A Pauper To A Pawn


I know how to get along with humble means, and I also know how to live in prosperity; in any and every circumstance I have learned the secret of being filled and going hungry, both of having abundance and suffering need. – Philippians 4:12

If there was ever a song and artist that was tailor made for these posts, it has to be the one and only, Sir Elton John and “Levon”.

So many of Elton’s songs have Biblical or religious references even as Elton has openly decried organized religion as “hateful”, declared that Jesus was just a “compassionate, super-intelligent gay man who understood human problems” and stated that he would “ban religion completely”.

Why then do so many of Elton’s songs have these religious overtones? Is it Bernie Taupin’s fault? Was he simply trying to be ironic? Or is it just a glimpse into Elton’s own conflicted soul?

Levon wears his war wound like a crown
He calls his child Jesus
‘Cause he likes the name
And he sends him to the finest school in town

Some say that Levon was chosen as the father’s name because it is NOVEL spelled backwards and that Elton believed the Bible to be simply another “good book”.

Levon likes his money
He makes a lot they say
Spend his days counting
In a garage by the motorway

One could even say that Levon (and Elton) were preoccupied with storing up treasures here on earth…as so many of us are.  At this point in his career in 1972, “Madman Across The Water” was peaking on the American charts and certainly with this third album release, Elton was beginning to see considerable commercial success.

He was born a pauper to a pawn on a Christmas day
When the New York Times said God is dead and the war’s begun
Alvin Tostig has a son today

And he shall be Levon
And he shall be a good man
And he shall be Levon
In tradition with the family plan

Ah yes, Levon shall be a good man. Unlike his father. Just as Elton wanted to rebel against his own father’s Royal Air Force regimentation. Elton’s dad wanted him to go into banking. Imagine that!

Levon sells cartoon balloons in town
His family business thrives
Jesus blows up balloons all day
Sits on the porch swing watching them fly

It’s funny though, it’s been said that when Bernie Taupin was asked about the deeper meaning to “Levon”, he claimed to have had no idea at all when writing it. He said it was “just lines that came out that were interesting”.

And doesn’t this all speak to the ironies and inconsistencies in our own lives. I love Elton’s work immensely, though I disagree with many of the things he says and does. And the very religious beliefs I hold dear, clearly spell out a dim view of the gay lifestyle.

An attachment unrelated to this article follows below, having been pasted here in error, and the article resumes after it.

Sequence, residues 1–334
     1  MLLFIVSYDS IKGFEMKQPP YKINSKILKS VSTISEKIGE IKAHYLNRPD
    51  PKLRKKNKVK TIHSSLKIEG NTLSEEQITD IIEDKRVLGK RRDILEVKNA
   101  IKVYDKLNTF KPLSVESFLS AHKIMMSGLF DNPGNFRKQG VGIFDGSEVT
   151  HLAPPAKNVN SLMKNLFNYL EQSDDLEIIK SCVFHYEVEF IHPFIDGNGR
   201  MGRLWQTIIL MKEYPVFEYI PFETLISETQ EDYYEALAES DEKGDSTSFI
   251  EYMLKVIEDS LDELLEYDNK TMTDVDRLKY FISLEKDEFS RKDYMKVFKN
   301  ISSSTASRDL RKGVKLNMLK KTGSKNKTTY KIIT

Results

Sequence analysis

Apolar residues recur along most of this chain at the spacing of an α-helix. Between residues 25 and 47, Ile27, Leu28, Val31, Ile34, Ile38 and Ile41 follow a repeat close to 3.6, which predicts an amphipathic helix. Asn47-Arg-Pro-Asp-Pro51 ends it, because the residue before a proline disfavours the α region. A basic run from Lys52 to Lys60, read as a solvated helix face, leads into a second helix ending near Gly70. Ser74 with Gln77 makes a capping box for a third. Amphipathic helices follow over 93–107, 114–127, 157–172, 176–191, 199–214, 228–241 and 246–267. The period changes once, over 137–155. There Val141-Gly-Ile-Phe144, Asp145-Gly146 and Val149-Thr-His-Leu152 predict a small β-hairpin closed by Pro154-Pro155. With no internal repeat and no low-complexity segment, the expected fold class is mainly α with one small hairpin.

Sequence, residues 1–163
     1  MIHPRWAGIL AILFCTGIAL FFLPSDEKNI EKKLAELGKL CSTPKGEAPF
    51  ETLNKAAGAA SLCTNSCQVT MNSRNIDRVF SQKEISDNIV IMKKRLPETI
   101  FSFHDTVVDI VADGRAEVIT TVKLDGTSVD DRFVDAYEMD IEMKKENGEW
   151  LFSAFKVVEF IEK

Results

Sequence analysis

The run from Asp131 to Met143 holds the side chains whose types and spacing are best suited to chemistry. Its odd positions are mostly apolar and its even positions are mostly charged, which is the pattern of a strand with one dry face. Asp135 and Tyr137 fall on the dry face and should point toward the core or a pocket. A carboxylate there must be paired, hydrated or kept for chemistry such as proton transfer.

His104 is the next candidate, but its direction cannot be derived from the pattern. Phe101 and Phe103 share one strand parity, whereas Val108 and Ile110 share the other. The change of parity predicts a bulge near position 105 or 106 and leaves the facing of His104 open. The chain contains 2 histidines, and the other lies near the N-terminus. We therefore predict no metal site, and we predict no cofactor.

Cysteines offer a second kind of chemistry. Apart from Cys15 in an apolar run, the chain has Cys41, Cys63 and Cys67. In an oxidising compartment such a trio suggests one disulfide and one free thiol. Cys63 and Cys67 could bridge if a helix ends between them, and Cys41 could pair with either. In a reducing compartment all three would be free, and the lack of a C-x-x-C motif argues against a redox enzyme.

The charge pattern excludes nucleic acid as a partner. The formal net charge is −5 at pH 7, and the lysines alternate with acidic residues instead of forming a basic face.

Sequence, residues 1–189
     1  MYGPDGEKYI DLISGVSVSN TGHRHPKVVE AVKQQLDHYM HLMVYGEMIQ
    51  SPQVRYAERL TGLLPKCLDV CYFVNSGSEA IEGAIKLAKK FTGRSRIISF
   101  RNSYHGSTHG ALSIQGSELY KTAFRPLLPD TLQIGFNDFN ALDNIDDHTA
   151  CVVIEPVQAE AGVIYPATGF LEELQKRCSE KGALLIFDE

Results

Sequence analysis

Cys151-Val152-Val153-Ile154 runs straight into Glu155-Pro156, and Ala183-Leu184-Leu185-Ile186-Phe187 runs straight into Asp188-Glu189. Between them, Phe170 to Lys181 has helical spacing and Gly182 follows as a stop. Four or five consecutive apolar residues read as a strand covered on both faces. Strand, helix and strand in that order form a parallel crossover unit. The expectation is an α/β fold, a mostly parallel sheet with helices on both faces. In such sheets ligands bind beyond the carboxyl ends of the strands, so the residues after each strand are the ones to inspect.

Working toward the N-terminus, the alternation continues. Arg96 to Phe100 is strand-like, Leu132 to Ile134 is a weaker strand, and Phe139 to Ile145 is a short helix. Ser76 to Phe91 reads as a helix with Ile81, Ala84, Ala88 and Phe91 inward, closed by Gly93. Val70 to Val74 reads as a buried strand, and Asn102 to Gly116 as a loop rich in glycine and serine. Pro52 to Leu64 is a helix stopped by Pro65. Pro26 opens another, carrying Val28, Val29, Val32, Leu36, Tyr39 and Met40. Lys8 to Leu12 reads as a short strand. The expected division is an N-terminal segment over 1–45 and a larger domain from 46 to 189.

Elton disparages religion yet many of his songs are clearly influenced by religious beliefs and teachings. Could it be just another internal conflict? Elton’s life and sexuality certainly seem to be riddled with conflicts. In the 1960’s he was engaged to his record company secretary, Linda Woodrow. In 1976, he declared himself bisexual. In 1984, he married German recording engineer Renate Blauel and finally would up in civil union with his current partner, David Furnish.

Elton and David became the proud parents to a son (by surrogate) on Christmas day in 2010. And you guessed it…they named him Levon. (Actually his full name is Zachary Jackson Levon Furnish-John).

And Jesus, he wants to go to Venus
Leaving Levon far behind
Take a balloon and go sailing
While Levon, Levon slowly dies  

No matter what Elton thinks about God, he has certainly been blessed with a talent beyond compare. His five decade long recording career has seen him sell over 300 million records, making him one of the best selling recording artists of all time. Such great abundance and yet suffering need are all tied up together in his life.

Ultimately, I think Elton is perfect proof of God’s perfect love. And Jesus may have died, but he died for all our sins and all mankind, including Elton. Even if he is a non-believer.

Well, it’s no big deal…Jesus is no stranger to a little “religious rejection”.

Watch the classic here:


One thought on “A Pauper To A Pawn

  1. Pingback: The Admission’s Free | Upon This Rock Song

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